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“A Quiet Place:” An Interesting Experiment

By James Trent
On April 11, 2018

The silence feels like a knife constantly looming over the characters' heads.
Photo Courtesy of Variety

 

Warning: contains spoilers
 
Released on April 6, “A Quiet Place” breaks many of the horror movie clichés and creates a unique cinematic experience. 
 
Anyone familiar with horror movies is familiar with the tropes of the genre. One of the easiest tells of a scare is the ominous silence right before something very loud happens. The sudden silence creates tension and puts the audience on edge so that the scare is more impactful. “A Quiet Place” takes this trope and pushes it to new heights. 
 
The story follows a small family in an unnamed area of the American Midwest. It begins on day 89 of some apocalyptic disaster. Monsters have appeared that are blind but incredibly sensitive to sound and attack anything they hear. If the monsters hear any sound, they appear in seconds to destroy whatever made the noise, and so the family must stay quiet or risk being killed at any second.
 
The silence is completely overwhelming throughout the film. Unlike the trope, silence is not used as a gimmick or a simple device. Where some movies have quiet parts and then a lot of loud sequences, it would be accurate to say that “A Quiet Place” has some loud parts and a lot of quiet moments. The silence is practically suffocating, and every small noise, like bottles lightly shifting on a shelf, feels like a knife hanging over the characters’ heads. The movie’s monsters are not shown very often, and never for very long, but their presence feels more and more menacing as the silence continues until the very end of the film.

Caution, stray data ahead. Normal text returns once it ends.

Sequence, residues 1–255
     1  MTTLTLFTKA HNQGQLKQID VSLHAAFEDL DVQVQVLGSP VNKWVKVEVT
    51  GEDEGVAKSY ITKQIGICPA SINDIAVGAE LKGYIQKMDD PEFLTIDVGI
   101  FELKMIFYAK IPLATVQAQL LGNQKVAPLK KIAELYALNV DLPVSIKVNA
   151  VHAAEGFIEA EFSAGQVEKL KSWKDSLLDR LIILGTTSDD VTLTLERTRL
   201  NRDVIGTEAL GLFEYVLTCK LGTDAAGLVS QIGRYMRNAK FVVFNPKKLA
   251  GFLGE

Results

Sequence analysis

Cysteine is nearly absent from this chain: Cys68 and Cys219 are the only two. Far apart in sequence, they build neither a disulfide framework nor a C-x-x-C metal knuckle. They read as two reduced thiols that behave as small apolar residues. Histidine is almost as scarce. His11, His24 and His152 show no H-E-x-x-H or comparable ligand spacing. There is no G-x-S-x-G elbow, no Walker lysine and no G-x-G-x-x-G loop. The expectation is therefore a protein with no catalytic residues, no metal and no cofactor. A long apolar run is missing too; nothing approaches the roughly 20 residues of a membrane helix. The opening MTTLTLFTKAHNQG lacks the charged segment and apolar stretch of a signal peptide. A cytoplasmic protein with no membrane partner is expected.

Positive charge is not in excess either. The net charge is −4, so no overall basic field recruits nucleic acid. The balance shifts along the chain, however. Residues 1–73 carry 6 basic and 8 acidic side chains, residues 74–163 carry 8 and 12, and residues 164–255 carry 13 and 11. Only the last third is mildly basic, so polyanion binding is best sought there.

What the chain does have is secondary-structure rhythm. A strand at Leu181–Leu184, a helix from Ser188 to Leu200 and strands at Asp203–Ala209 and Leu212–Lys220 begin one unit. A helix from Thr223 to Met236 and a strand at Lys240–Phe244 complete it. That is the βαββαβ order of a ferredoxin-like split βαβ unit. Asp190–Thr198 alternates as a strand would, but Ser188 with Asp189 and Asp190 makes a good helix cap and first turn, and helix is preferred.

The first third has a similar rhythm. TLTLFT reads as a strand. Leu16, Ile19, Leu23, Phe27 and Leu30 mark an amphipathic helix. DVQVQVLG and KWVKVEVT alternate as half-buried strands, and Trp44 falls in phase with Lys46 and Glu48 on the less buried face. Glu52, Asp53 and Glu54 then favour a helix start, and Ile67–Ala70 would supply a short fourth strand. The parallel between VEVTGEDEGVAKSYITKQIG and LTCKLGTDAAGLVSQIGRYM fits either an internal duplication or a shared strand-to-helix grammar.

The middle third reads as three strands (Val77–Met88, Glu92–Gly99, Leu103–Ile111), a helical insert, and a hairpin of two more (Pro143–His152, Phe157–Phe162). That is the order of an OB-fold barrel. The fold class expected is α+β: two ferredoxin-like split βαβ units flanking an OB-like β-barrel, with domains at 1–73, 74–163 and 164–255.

The movie is not very concerned with characters and is pretty light on plot as well. The characters do not even have given names, and each member of the family feels more like an archetype than a fully developed person. There is no real story to follow either, with just a few points of narrative interest in the hour and a half long film. 
 
What the film is really focused on is the tension and silence of the movie, and it feels all the better for it. The film fully develops its quiet ambiance in such a way that an involved story would become distracting, and the audience is able to fully immerse themselves in the deaf world the characters inhabit. It makes the film stand out from any theatrically released horror movie in recent memory, and the entire film feels like an interesting experiment of just how little noise a movie needs to be a complete experience. 
 
2016’s “Don’t Breathe” tried a similar thing but did not fully commit to its silence like “A Quiet Place.” “Don’t Breathe” had a lot of notable problems, mainly its excessive usage of slasher-film clichés paired with an incredibly poor narrative. Its interesting segments of silence felt just a step or two away from the trope it was building off, while “A Quiet Place” completely drowns the audience in its silence. There’s no distracting, poorly thought out story in “A Quiet Place,” no characters that only exist for the audience to hope for their deaths, and, unfortunately for “Don’t Breathe” fans, no dubious turkey basters. 
 
Some movies need to be seen in theaters to get the full experience, but “A Quiet Place” may not be that kind of movie. The movie’s atmosphere is so controlled that any single noise or distraction puts a dent in it and sucks the audience member out of the experience. In fact, the film is so quiet at times that, at least at the Mercer Mall’s theater, sounds from other movies can come through the walls. That is to say nothing about the infamous public, as even faint whispers can be distracting when there’s so little noise coming through the theater speakers. If someone wants to get the full experience of the film, they might want to wait until they can watch it at home through headphones. 
 
“A Quiet Place” is a unique experience and is deserving of the hour and a half to watch, but needs its audience to come to it on its terms. Potential watchers might want to wait until they can give the movie their full attention, so that they can see and hear everything the film does. 

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